Unpleasant taste and odour
Oils of natural origin contain a large number of bioactive components and vitamins. However, they often have an unpleasant taste and odour, for example, fish oil and CBD oil. Similar issues are encountered with herbal dietary supplements, which have a variety of health benefits but not always a pleasant taste or odour. Butyric acid, a natural probiotic, also has an unappetising smell and taste. Producers try to alter the taste and maximise bioavailability by introducing carrier oil, which results in an increase in costs.
The taste isn’t the only challenge. For example, the benefits of many essential oils may decrease as a result of oxidation, chemical interactions or volatilization. Polyunsaturated fatty acids and many lipid-soluble vitamins, such as vitamins A, D, E and K, as well as β-carotene are prone to oxidation, which limits their shelf-life.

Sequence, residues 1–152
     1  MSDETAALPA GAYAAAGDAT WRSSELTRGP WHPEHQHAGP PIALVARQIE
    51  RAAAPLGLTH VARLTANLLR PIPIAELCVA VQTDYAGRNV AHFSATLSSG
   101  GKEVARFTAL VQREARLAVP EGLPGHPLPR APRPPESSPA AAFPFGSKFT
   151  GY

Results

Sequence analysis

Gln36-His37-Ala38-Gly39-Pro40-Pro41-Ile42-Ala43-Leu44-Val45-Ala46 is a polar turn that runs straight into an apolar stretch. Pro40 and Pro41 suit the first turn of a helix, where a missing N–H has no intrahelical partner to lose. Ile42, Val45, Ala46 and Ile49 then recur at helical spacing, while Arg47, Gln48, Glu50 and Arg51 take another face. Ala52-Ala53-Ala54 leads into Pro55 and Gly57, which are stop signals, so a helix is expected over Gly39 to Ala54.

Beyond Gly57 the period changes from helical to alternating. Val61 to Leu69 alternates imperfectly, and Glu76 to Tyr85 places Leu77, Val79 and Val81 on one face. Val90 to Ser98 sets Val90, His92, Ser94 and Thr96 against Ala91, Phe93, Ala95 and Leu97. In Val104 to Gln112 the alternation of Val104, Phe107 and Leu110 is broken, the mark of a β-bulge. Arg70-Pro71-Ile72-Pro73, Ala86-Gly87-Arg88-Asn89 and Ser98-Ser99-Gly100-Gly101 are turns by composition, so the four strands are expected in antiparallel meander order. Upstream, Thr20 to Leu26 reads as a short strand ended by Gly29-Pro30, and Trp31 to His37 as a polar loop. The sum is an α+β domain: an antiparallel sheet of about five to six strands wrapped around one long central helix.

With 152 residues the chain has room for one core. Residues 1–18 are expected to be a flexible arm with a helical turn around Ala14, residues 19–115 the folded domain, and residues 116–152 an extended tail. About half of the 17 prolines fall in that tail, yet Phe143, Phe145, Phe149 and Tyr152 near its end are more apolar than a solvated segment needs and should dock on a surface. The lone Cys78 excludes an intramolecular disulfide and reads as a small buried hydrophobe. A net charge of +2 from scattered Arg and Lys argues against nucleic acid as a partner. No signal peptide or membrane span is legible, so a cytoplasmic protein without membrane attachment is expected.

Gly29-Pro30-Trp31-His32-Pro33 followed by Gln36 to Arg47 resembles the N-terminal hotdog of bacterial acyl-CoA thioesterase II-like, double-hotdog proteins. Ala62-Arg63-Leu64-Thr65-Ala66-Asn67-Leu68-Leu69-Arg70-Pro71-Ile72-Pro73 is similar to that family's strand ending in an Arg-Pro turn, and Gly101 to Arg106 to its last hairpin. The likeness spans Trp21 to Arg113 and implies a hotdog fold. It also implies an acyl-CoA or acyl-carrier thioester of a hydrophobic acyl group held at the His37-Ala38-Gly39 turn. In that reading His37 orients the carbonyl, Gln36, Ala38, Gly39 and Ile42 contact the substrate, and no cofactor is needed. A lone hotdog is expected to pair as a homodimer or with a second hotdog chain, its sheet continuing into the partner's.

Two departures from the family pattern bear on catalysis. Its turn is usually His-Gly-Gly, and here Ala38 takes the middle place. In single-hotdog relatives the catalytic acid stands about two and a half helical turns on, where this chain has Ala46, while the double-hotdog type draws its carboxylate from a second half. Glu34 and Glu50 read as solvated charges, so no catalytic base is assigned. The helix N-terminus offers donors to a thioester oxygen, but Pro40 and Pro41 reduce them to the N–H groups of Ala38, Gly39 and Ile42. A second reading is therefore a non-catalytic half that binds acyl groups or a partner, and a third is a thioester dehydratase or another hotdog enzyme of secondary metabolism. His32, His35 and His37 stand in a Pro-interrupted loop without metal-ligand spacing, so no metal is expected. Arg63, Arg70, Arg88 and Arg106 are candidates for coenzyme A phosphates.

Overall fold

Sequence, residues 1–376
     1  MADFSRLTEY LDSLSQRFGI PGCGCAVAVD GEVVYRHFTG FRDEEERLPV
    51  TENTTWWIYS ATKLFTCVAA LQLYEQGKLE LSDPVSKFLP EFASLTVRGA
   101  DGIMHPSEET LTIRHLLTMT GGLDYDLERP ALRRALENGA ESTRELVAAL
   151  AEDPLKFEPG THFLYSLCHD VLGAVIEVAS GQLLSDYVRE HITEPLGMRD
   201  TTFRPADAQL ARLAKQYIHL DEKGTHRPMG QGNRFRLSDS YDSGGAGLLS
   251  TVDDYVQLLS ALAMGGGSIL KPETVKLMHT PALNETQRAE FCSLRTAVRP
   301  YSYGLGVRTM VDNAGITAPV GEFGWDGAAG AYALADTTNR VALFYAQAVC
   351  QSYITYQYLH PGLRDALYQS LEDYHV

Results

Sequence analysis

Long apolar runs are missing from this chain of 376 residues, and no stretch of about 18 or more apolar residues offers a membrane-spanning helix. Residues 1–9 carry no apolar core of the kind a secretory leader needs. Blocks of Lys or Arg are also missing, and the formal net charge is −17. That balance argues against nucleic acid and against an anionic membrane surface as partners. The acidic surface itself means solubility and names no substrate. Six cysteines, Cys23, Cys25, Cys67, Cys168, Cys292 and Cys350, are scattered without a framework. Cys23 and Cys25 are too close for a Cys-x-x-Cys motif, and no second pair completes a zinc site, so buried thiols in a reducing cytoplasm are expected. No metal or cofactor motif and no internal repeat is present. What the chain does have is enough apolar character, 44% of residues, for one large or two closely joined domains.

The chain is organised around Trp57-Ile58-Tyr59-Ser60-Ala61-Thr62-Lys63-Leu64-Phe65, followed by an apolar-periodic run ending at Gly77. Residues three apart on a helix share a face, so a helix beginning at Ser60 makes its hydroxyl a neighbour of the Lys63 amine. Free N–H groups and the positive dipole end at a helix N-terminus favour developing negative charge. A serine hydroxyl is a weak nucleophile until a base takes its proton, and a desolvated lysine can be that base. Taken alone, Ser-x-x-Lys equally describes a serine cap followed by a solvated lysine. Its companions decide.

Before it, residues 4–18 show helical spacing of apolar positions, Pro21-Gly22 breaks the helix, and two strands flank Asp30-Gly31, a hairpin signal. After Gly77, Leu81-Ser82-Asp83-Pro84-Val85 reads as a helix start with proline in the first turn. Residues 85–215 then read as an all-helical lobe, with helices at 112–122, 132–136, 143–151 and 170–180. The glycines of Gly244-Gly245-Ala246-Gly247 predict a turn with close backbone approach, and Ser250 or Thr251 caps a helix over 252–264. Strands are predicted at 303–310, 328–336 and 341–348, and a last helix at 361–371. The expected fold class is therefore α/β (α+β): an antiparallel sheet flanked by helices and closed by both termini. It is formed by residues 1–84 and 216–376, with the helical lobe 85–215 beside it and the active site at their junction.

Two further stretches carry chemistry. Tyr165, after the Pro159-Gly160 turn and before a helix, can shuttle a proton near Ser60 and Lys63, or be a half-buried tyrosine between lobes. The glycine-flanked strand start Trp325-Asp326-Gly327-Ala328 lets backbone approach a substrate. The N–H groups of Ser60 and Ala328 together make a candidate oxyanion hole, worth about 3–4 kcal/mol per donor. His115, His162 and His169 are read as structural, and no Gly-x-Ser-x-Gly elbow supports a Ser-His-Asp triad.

Low bioavailability and solubility
Many dietary supplements are also known to have low bioavailability, which is a hot topic for producers. Some supplements are prone to interactions and moisture. Powdered supplements may also have solubility problems.
Delivery challenge due to pH
Common challenges associated with probiotics are storage and pH survivability. To be beneficial to the gut microbiome, the living microorganisms must reach the intestines where the nutrients are absorbed. But the challenge is how to pass through the acidic environments of the stomach.